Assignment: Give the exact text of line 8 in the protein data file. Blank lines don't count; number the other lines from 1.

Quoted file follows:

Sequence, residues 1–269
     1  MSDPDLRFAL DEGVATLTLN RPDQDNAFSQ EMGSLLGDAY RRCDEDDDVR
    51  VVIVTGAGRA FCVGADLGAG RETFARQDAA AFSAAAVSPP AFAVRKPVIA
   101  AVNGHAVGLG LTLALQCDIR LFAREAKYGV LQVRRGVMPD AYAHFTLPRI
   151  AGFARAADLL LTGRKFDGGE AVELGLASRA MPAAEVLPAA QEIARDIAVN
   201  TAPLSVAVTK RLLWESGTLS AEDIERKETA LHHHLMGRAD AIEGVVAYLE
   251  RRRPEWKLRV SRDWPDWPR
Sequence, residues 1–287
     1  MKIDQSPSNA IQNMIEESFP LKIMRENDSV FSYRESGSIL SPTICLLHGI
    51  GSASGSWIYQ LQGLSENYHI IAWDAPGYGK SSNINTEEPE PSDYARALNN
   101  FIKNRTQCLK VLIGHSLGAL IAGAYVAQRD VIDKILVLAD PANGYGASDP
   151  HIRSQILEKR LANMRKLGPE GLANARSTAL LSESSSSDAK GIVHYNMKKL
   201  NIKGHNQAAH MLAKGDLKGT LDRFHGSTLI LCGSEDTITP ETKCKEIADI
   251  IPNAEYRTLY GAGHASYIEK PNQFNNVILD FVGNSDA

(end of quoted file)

Sequence, residues 1–287